FALMOUTH – It wasn’t for the competition. It was for the love of dance.
Dancers from Turning Pointe Dance Studio in Falmouth joined recently with Festival Ballet Providence for a special class and in-studio performance in preparation for an upcoming prestigious competition, the Youth America Grand Prix.
The Youth America Grand Prix competition is an important event, as top placing dancers will receive scholarships and perhaps even future jobs in the dance world. But Turning Pointe Artistic Director Laura Sciortino said, for her dancers, “It’s not about placement. For us, it’s about the journey.”
This was an opportunity for the dancers to practice performing their pieces in front of a live audience, including their peers, whose eager faces could be seen through the studio window during the performance. “We are trying to make the dancers a little nervous and see how they do under pressure,” Turning Pointe Artistic Director Laura Sciortino said.
The evening began with dance instructor Yves de Bouteiller, giving a ballet class to the student performers, urging the dancers to “jump, jump, push, push, higher, higher” as they trained.
The performance itself featured classical as well as original contemporary choreography by Sciortino and de Bouteiller, as well as pieces by Festival Ballet Providence School’s Marius Petipa—23 solos in all, each one to two-and-a-half minutes long, plus a group piece choreographed by Sciortino.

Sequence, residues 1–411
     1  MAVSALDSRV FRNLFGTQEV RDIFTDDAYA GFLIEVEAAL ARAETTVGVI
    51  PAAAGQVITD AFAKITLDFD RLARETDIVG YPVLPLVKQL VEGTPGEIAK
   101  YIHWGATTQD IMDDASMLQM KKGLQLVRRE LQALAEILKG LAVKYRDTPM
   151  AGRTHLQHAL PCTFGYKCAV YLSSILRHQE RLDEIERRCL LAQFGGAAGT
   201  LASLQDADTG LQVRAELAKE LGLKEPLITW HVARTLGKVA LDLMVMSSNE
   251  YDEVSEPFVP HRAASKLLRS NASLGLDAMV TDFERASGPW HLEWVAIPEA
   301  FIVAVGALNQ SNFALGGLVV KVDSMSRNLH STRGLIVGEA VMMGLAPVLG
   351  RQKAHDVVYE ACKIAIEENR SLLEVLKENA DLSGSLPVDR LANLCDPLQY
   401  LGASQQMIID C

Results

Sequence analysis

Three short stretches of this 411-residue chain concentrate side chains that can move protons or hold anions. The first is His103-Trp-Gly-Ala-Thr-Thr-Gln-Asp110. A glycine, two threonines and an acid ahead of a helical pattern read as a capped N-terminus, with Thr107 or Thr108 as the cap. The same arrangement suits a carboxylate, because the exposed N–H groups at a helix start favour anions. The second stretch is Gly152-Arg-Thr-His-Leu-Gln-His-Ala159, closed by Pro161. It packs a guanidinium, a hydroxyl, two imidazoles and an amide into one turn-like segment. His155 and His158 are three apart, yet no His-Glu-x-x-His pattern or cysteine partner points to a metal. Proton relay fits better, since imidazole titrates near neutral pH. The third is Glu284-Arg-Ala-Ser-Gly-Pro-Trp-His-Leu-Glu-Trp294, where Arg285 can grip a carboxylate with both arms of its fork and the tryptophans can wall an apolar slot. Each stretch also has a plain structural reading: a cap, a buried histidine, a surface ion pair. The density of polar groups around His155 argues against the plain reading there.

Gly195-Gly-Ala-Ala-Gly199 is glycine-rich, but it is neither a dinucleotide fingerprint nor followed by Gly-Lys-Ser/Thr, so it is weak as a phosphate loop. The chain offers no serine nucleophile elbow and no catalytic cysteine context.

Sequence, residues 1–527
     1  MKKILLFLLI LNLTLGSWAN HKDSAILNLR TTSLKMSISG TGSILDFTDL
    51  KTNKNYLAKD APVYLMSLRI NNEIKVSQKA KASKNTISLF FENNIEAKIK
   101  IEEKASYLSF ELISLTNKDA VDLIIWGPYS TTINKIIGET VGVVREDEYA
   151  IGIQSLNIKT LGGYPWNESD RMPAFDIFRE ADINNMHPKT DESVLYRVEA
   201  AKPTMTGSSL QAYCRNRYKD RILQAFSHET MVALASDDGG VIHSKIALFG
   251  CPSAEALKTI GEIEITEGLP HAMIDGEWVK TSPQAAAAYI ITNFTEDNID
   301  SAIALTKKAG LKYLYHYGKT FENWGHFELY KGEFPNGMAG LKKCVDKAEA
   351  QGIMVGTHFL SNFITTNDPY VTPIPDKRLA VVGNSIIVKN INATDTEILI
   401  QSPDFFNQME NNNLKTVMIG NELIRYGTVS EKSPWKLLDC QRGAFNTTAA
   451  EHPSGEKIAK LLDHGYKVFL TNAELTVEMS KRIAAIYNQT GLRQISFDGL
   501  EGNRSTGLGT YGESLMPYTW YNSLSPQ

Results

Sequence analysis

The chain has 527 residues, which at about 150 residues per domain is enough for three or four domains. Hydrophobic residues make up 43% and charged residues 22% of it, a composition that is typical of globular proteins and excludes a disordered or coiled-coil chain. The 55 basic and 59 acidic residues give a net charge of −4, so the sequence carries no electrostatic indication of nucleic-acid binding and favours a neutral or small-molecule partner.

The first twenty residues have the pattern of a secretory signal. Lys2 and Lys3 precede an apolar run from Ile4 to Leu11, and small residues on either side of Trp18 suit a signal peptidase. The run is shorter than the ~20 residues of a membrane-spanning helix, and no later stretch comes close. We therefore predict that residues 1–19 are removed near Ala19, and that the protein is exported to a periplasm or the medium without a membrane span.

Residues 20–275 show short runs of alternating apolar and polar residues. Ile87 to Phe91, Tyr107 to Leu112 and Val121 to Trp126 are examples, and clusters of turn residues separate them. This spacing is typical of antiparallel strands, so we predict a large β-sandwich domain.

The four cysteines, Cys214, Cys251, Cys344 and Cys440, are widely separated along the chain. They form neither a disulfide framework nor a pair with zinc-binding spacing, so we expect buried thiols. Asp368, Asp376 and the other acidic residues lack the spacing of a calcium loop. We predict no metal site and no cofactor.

Turning Pointe students Eloise Mills, Isabelle Ramage, Sarah Thieler, Darien Santos, Gabriela Polakovic, Mia Hanflig, Megan Montiero, Monica Welchman and Annalisa Fratantoni performed.
Sciortino, who has been teaching some of the students since they were three or four years old, watched proudly as the dancers performed solos in preparation for competition. Afterward, Sciortino said, “I would say that was a great dress rehearsal.”
As to what they thought of performing in-studio in front of a crowd of parents, friends and other dancers, one dancer said this venue was more challenging than a traditional performance on a stage. “This was scarier. You can see all the faces,” said Isabelle Ramage.